EPA Says It Won’t Change Challenged Tribal Water Rules 12/12/2017

EPA Says It Won’t Change Challenged Tribal Water Rules

By Adam Lidgett

Law360, New York (December 11, 2017, 4:49 PM EST) — The U.S. Environmental Protection Agency said on Friday that it wouldn’t change course on any decisions challenged in a suit from the state of Maine over the agency’s tightening of water quality standards for tribal waters.

In a brief status report, the EPA said that it wouldn’t withdraw or change any of the decisions challenged in the suit after the agency had asked the court in August for a stay in the case. That additional 120-day stay was granted in August after U.S. District Judge Jon D. Levy had granted an earlier stay bid in May to give the agency the time it requested to review the policy.

The May decision followed arguments from the EPA and two tribes in Maine. The tribes had urged the court to reject the stay on the grounds that any further delay in the case would threaten both the Houlton Band of Maliseet Indians and the Penobscot Nation.

Maine’s Department of Environmental Protection had sought to impose water quality standards that are lower than what the EPA, under the former Obama administration, had said would protect the Houlton Band of Maliseet Indians’ sustenance fishing practices, and petitioned the new administration to reconsider a rule tightening standards.

Maine’s suit, first filed in 2014, sought a declaration that its environmental jurisdiction applies uniformly throughout the state, including in Native American territories, based on settlement acts from the 1980s that established a unique tribal-state relationship.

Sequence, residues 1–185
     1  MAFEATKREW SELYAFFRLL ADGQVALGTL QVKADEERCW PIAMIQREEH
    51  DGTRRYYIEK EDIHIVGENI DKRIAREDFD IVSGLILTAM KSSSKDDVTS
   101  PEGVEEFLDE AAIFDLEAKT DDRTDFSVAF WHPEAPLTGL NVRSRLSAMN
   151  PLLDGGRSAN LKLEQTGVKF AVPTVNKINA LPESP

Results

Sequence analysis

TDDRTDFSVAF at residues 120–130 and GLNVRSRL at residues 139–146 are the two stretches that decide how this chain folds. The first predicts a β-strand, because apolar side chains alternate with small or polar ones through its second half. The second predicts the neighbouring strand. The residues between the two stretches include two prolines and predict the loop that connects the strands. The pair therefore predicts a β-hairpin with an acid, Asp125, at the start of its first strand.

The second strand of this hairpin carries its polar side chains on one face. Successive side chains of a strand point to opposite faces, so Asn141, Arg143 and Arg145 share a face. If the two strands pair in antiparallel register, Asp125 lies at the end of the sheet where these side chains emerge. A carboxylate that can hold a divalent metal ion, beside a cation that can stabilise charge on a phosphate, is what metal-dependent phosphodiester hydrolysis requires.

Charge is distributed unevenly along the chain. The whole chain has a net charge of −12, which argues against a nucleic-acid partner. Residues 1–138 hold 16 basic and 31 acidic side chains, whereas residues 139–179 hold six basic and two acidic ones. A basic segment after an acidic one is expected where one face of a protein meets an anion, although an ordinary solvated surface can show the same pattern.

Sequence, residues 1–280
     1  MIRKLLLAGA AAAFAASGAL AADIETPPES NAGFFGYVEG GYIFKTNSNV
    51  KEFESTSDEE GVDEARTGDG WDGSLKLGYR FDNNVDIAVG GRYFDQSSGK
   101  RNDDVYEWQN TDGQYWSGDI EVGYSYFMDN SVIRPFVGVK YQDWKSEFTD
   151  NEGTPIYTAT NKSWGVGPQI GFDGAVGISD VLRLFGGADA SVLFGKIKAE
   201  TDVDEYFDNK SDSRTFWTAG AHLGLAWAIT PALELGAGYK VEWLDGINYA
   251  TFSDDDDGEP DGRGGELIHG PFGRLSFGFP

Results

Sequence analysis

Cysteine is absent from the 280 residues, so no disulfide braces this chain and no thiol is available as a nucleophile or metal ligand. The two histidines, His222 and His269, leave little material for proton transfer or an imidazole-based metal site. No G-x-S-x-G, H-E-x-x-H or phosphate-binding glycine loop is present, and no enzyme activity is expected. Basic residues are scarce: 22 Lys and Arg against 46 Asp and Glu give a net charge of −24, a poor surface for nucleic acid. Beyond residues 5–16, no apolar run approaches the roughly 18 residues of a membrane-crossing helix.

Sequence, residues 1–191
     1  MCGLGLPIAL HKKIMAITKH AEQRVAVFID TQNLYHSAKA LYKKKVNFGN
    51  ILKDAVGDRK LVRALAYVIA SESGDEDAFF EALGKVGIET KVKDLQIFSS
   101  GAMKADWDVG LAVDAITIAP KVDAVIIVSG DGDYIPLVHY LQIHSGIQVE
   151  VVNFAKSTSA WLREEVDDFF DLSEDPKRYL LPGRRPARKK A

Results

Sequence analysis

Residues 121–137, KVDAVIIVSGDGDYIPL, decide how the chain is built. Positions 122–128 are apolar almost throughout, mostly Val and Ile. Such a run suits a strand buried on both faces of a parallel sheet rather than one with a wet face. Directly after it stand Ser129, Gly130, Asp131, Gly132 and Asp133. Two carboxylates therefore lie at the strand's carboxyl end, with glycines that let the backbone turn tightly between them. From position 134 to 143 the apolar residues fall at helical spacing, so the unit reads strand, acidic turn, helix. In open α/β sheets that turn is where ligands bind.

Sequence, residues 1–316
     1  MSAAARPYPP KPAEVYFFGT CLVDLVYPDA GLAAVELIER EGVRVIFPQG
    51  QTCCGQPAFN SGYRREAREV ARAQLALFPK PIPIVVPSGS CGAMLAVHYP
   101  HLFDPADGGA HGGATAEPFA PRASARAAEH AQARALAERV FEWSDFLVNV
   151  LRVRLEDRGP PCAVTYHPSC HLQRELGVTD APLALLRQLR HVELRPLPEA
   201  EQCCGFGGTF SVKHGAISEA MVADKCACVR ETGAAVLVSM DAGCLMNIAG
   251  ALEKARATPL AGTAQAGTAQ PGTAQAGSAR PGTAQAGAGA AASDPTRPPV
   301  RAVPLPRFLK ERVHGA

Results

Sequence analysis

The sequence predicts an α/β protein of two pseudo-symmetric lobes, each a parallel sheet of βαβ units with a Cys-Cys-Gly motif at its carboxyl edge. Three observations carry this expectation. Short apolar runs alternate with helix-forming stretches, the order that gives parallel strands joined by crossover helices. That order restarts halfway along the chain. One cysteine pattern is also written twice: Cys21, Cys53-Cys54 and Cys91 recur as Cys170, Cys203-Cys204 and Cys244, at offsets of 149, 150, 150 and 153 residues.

The Houlton Band of Maliseet Indians last year asked to intervene to oppose the state’s suit challenging the stricter water quality standards for tribal waters, saying that the more restrictive rules ensure the tribe can continue its fishing traditions.

“It’s obviously terrific the EPA has seen fit to hold to its water quality standards that are protective of reasonable tribal sustenance fishing rights,” Kaighn Smith Jr., an attorney for the Penobscot Nation, told Law360 on Monday. “The EPA’s original decision took into account a reasonable rate of consumption that would account for a cancer risk for tribal members. Maine has failed to do that.”

The federal government declined to comment.

Houlton Band of Maliseet Indians tribal chief Clarissa Sabattis commented only that she was pleased with the outcome and supportive of the EPA’s decision.

Representatives for the state did not immediately respond to requests for comment on Monday.

The state of Maine is represented by its Attorney General Janet T. Mills, as well as Scott W. Boak, Gerald D. Reid and Christopher C. Taub of the state attorney general’s office.

The EPA is represented by Jeffrey H. Wood, David A. Carson, Richard W. Murphy and John G. Osborn of the U.S. Department of Justice.

The Houlton Band of Maliseet Indians is represented by Graydon G. Stevens of Kelly Remmel & Zimmerman, and Cory J. Albright, Jane G. Steadman and Riyaz A. Kanji of Kanji & Katzen PLLC.

The Penobscot Nation is represented by David M. Kallin and Kaighn Smith Jr. of Drummond Woodsum.

The case is Maine et al. v. Pruitt et al., case number 1:14-cv-00264, in the U.S. District Court for the District of Maine.

–Editing by Jack Karp.